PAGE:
Digital Detox Way Overdue


Smartphones and mobile technology are powerful tools we can use to improve our lives, but all too often we are slaves to the machine, writes Johan Nylander

Some time ago, I made an experiment. After finishing work on Friday, I switched of the data roaming on my mobile phone – silencing all social media, emails and instant messaging – and didn’t turn it on again until Monday morning. Admittedly, it might not sound as daring as going totally off-grid at a silent spiritual retreat in the Hindu Kush for a year. But the outcome of the weekend experiment was striking.

First, I hadn’t felt more relaxed in ages. Just revoking this constant distraction of social media notifications, emails and news alerts made me feel like I was on holiday. I felt more present in conversations, more social and fulfilled, with more energy. What was striking was that the positive effect kicked in almost immediately; just knowing the phone was off put a warm blanket of calm over my shoulders. I didn’t, however, switch off entirely as family and friends could still reach me with a phone call. Still, silence lingered.

Second, it wasn’t easy. Several times I had to the fight the temptation to have just one tiny little glance at my Linkedin or Facebook, a cheeky check of WeChat or WhatsApp, or a sneaky peek to check for any breaking news, urgent emails, game updates or… well, just anything. My fingers were itching. Perhaps not as bad as for someone trying to quit smoking but I felt a strong urge to turn the data on. I had to mentally fight it. They call it nomophobia – or no mobile phone phobia.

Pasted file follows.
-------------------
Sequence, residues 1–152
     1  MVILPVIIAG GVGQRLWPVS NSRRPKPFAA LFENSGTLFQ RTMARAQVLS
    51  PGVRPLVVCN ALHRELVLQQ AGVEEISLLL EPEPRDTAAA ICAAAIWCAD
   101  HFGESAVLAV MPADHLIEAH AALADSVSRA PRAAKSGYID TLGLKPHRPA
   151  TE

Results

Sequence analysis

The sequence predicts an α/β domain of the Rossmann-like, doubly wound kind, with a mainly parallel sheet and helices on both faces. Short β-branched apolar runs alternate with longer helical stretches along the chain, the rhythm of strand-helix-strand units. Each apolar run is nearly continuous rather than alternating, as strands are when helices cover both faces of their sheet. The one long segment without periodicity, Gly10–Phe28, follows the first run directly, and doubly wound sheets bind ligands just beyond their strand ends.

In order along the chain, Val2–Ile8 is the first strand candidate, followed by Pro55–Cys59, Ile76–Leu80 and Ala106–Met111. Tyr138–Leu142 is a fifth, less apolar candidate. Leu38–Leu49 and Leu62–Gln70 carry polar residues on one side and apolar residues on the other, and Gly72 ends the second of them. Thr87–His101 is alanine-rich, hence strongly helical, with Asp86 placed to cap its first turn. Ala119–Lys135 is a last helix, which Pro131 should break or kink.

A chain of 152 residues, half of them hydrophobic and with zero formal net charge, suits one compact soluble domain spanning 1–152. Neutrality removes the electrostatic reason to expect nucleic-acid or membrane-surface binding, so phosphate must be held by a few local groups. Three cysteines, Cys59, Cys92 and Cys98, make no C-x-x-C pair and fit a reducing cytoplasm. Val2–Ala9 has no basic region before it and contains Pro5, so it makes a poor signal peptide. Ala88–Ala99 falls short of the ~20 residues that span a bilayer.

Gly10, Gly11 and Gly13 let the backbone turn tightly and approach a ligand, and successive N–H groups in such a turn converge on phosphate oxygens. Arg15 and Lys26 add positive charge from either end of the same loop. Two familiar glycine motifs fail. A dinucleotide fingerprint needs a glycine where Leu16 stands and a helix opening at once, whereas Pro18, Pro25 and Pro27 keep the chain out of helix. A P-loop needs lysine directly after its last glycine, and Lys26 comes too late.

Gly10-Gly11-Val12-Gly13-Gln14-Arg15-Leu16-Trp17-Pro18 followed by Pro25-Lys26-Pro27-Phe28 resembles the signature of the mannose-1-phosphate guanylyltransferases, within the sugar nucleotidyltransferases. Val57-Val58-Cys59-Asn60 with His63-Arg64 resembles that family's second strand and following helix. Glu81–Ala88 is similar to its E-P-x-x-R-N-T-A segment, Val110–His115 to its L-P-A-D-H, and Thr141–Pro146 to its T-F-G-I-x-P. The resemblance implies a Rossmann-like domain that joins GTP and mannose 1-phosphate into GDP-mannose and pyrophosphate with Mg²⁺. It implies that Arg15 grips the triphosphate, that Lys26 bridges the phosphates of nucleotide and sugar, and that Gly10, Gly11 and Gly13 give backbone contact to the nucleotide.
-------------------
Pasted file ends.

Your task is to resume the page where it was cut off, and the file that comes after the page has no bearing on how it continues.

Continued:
Mobile phones, digital devices and the internet have brought amazing benefits. They have become central to our lives; for work, studies, social connections and entertainment. They are fun and efficient. But expects also warn about over-dependence, and an unhealthy attachment.

Today, mobile phone addiction seems to be spreading like wildfire across the world, and according to some research the problem is the worst in Asia. Although there’s still a lack of adequate academic studies and scientific data, most researchers agree that a new powerful obsession has entered our society.


No matter where you go, people have their heads buried in a virtual world.

Dr Joyce Chao, a clinical psychologist at the Dimensions Centre in Hong Kong’s Central district, explains that our digital devices, as well as the content they display, are designed to be addictive. When we’re unable to check our devices for whatever reason, anxiety sets in.

“I have more and more people coming to our clinic because they feel anxious if they don’t stay connected all the time,” she says.

Before setting up the practice in Hong Kong, she worked in Hawaii with people suffering from severe psychiatric problems, including a jail diversion program to help criminals with mental illness and drug addictions.

“Back in Hong Kong in private practice I also see many people with severe addictions issues with substances like alcohol, sex or gambling. But also adults and children with internet addictions. Some kids won’t even get out of their house.”